Published on October 12th, 2016 | by EJC0
Social Media, Platform Power and (Mis)Information In Zambia’s Recent Elections
In early 2011, global media reports began celebrating the role of social media in mobilising protests and enabling political change in North Africa. Subsequently, this provoked a lively debate on the impact of Twitter and Facebook, with many commentators gradually adopting a more sceptical view of the revolutionary attributes of social media. In the wake of the so-called ‘Arab Spring’, international donors too became enthused about the potential of digital technology in promoting ‘democracy’ and ‘good governance’ in other parts of the African continent. The World Bank’s most recent World Development Report 2016 entitled ‘Digital Dividends’ acknowledges the potential role of social media in processes of development.
With the assistance of open-source, purpose-built digital platforms such as Ushahidi and Uchaguzi, ambitious projects have been launched across the continent to enable civil society organisations to collect information via SMS and monitor recent elections in Kenya, Malawi, Nigeria, Uganda, Tanzania, Zambia and Zimbabwe. Open data are increasingly being celebrated as key to improved government accountability and transparency in Africa. Digital tools such as Kenya’s #GotToVote website enabled citizens to find their nearest voter registration centre, to spread messages of peace on election day and to receive elections results on their phone. In Burkina Faso, a mobile application run by the Burkina Open Data Initiative (BODI) enabled citizens to receive real-time election results in the country’s November 2015 elections.
As in other African countries, civil society organisations in Zambia made extensive use of mobile phones in their attempts to monitor the recent elections held on August 11. Along the lines of other donor-funded citizen monitoring projects in the region, the Zambia Elections Information Centre (ZEIC) used an online platform to generate (and verify and disseminate) information on any election-related incidents from local monitors and citizens via SMS or WhatsApp. However, with the growing popularity of social media, ZEIC did not just rely on information submitted by monitors and citizens to its own platform but also began to monitor Facebook and Twitter streams for any relevant information on incidents.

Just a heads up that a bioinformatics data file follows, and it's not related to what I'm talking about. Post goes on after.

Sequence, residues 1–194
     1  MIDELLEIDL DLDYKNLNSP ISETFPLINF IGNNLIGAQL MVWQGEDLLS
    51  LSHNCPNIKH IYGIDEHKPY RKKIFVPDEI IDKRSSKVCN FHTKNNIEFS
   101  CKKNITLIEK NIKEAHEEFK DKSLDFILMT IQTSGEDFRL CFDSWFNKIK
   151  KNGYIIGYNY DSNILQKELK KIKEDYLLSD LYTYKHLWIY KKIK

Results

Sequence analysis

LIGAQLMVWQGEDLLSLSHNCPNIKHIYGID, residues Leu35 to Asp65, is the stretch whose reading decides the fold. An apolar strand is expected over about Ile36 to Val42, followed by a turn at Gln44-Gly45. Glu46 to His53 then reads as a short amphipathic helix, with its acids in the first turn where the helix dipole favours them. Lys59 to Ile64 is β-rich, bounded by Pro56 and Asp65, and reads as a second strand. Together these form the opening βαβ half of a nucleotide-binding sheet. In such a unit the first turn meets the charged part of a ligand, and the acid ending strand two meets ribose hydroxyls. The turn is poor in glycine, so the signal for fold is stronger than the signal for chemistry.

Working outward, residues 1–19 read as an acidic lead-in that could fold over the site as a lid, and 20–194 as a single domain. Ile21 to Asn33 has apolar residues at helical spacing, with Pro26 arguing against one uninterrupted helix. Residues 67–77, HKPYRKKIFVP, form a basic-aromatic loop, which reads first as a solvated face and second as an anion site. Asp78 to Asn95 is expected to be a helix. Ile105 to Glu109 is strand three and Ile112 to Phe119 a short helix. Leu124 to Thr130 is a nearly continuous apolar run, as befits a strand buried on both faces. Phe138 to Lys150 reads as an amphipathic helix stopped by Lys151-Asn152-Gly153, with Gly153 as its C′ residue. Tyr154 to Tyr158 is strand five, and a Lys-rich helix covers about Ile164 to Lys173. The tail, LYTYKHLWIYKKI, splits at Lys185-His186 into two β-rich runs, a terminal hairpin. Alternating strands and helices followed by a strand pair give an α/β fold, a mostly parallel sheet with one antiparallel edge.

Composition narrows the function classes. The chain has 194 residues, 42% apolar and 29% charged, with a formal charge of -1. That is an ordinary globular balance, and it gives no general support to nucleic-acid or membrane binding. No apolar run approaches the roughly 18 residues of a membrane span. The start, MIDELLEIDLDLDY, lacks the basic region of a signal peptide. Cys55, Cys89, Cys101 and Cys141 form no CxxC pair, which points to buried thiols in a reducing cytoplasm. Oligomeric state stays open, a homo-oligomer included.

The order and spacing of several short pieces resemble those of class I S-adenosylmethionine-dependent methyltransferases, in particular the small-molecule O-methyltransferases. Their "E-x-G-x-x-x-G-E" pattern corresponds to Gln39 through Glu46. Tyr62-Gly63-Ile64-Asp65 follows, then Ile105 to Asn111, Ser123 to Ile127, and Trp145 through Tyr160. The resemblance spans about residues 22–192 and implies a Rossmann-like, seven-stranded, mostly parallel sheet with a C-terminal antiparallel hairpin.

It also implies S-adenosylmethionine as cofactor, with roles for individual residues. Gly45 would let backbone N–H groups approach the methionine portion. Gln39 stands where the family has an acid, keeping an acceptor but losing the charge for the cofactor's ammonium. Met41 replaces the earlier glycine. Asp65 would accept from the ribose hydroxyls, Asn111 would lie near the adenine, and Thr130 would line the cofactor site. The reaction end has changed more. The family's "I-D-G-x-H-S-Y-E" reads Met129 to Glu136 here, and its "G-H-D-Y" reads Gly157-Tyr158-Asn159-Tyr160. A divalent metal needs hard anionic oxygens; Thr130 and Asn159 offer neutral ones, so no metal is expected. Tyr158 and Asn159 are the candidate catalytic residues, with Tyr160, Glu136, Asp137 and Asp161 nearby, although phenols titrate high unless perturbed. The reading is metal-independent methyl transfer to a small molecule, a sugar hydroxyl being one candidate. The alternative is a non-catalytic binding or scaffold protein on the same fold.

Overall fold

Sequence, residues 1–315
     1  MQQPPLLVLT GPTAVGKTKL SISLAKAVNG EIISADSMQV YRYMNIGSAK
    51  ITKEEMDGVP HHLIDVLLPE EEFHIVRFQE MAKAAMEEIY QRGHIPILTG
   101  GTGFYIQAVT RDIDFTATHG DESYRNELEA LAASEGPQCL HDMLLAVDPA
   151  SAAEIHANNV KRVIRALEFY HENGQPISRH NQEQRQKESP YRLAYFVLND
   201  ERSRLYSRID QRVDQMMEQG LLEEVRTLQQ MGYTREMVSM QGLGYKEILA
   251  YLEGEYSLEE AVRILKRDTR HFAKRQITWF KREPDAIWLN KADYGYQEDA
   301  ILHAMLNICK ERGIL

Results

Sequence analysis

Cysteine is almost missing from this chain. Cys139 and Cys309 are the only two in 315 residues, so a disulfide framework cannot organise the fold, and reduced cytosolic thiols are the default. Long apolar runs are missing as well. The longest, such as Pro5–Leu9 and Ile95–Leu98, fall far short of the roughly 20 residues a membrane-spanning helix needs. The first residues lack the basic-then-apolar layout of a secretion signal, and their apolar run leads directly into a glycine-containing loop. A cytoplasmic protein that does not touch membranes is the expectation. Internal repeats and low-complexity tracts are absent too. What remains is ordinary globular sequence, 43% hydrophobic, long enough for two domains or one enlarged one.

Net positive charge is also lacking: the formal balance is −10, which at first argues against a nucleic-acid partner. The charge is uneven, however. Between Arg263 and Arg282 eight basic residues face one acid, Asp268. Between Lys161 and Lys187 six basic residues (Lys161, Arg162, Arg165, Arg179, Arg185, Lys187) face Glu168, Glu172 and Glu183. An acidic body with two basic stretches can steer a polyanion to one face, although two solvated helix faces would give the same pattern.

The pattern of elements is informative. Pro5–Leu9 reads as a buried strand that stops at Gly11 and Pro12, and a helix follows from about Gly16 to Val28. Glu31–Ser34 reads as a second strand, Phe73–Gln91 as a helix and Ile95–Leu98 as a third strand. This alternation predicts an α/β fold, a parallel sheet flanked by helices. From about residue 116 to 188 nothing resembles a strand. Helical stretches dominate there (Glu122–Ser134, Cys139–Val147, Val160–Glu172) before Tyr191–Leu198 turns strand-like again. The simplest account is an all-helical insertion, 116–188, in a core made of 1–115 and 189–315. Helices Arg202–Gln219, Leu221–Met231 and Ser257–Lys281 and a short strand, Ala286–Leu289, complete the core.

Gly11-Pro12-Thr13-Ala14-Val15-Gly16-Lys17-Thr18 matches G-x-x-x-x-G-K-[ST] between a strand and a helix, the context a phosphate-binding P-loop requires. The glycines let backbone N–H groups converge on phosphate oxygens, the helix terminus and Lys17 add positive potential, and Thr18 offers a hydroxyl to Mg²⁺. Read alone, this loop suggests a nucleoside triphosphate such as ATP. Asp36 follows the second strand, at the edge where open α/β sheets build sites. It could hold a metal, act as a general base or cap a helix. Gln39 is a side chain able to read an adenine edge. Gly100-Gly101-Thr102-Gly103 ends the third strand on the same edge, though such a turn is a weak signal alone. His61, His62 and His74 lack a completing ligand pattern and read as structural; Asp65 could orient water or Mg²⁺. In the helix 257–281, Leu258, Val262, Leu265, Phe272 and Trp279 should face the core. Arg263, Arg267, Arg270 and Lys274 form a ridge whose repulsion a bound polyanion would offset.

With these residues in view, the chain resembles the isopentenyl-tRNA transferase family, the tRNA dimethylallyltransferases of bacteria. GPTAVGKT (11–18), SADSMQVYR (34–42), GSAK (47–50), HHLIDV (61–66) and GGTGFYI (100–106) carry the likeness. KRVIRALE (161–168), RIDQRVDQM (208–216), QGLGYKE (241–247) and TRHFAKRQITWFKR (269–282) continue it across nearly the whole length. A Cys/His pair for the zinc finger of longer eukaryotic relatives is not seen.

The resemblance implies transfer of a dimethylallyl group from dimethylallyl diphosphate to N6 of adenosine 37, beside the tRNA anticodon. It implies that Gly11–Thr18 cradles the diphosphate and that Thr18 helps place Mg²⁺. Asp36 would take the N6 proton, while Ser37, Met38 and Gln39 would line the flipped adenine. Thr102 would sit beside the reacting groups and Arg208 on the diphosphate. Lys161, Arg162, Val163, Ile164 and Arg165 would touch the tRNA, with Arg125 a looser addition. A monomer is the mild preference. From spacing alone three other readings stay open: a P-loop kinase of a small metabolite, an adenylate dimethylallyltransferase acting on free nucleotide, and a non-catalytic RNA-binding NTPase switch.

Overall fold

Corporate social media platforms such as Facebook and WhatsApp (and Twitter in certain countries such as Egypt, Ghana, Kenya, Nigeria and South Africa) are fast gaining ground on the continent. The number of Facebook users in Africa was estimated at 124.6 million at the end of 2015 and continues to grow. South Africa is one of WhatsApp’s biggest markets. New market entrants such as China’s mobile messaging platform WeChat are intensifying the competition between different digital platforms on the continent.
The political implications of what my LSE colleague, Professor Robin Mansell, refers to as platform power are becoming more evident on the continent, as demonstrated by the role of different social media platforms in recent elections in Nigeria and Tanzania. This has not gone unnoticed with governments inBurundi, Chad, Congo, and Uganda and Zimbabwe which recently ordered mobile operators to block access to social media during periods of elections or protests, frequently citing concerns over national security.
Social media platforms – primarily Facebook, WhatsApp and to a lesser extent Twitter – also played an important role in circulating information during the recent Zambian elections. For many voters, social media were crucial sources of news in the run-up to the elections. When demand for real-time information was high, Facebook and WhatsApp became ideally placed to fill a gap, particularly in a context where information supply is low as a result of constraints on press freedom and freedom of expression, the high costs of newspapers or an absence of continuous 24-hour media coverage on local radio and television channels.
Because of the growing affordability of both smartphones and mobile data (partially due to subsidised access to social media via ‘data bundles’), popular online publications such as Mwebantu, Zambia Reports,Zambian Watchdog, Tumfweko and Open Zambia provided Zambians with frequent news updates on their Facebook pages throughout the election period. Apart from Facebook, the Twitter hashtag #ZambiaDecides and WhatsApp groups of friends, relatives or colleagues also intensified the circulation of election-related information.
Particularly after election day, these platforms became crucial for voters to get real-time updates while they eagerly awaited the election results which eventually took four days to arrive and provoked much anxiety. The quality of information on social media was, however, often questionable and frequently challenged not only by the Electoral Commission of Zambia (ECZ) and observer missions but also by citizens themselves. Having been exposed to a polarised broadcasting and print media climate for some time, Zambian audiences have become accustomed to critically compare news accounts with each other and not to rely on a single source of information.
Information scarcity after elections is certainly not helpful but a relative abundance of low-quality information does not necessarily improve the situation. However, the prevalence of rumours should not be used as a pretext for government shutdowns of social media. Even with a solid supply of verified information on election-related incidents, it is by no means guaranteed that the state will respond to any concerns about voting irregularities. This ultimately demonstrates the limitations of a blind faith in technology, crowdsourcing and information-based approaches.
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